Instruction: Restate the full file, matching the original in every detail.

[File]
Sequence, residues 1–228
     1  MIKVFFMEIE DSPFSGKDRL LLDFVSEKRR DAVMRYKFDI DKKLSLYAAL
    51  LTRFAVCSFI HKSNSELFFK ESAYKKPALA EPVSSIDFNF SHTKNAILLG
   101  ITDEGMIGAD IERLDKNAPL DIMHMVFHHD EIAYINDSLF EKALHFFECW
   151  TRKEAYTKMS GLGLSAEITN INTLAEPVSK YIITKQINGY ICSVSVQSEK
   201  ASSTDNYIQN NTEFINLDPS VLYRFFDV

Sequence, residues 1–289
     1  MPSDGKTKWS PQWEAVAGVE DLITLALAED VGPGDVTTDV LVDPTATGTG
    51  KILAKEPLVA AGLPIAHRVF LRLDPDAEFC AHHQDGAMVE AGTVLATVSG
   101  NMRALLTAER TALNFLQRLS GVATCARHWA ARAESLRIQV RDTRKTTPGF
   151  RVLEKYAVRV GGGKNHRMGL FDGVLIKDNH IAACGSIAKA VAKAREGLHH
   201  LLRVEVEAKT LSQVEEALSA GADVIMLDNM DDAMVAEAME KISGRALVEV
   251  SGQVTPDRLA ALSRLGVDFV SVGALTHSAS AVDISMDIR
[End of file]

Sequence, residues 1–228
     1  MIKVFFMEIE DSPFSGKDRL LLDFVSEKRR DAVMRYKFDI DKKLSLYAAL
    51  LTRFAVCSFI HKSNSELFFK ESAYKKPALA EPVSSIDFNF SHTKNAILLG
   101  ITDEGMIGAD IERLDKNAPL DIMHMVFHHD EIAYINDSLF EKALHFFECW
   151  TRKEAYTKMS GLGLSAEITN INTLAEPVSK YIITKQINGY ICSVSVQSEK
   201  ASSTDNYIQN NTEFINLDPS VLYRFFDV

Sequence, residues 1–289
     1  MPSDGKTKWS PQWEAVAGVE DLITLALAED VGPGDVTTDV LVDPTATGTG
    51  KILAKEPLVA AGLPIAHRVF LRLDPDAEFC AHHQDGAMVE AGTVLATVSG
   101  NMRALLTAER TALNFLQRLS GVATCARHWA ARAESLRIQV RDTRKTTPGF
   151  RVLEKYAVRV GGGKNHRMGL FDGVLIKDNH IAACGSIAKA VAKAREGLHH
   201  LLRVEVEAKT LSQVEEALSA GADVIMLDNM DDAMVAEAME KISGRALVEV
   251  SGQVTPDRLA ALSRLGVDFV SVGALTHSAS AVDISMDIR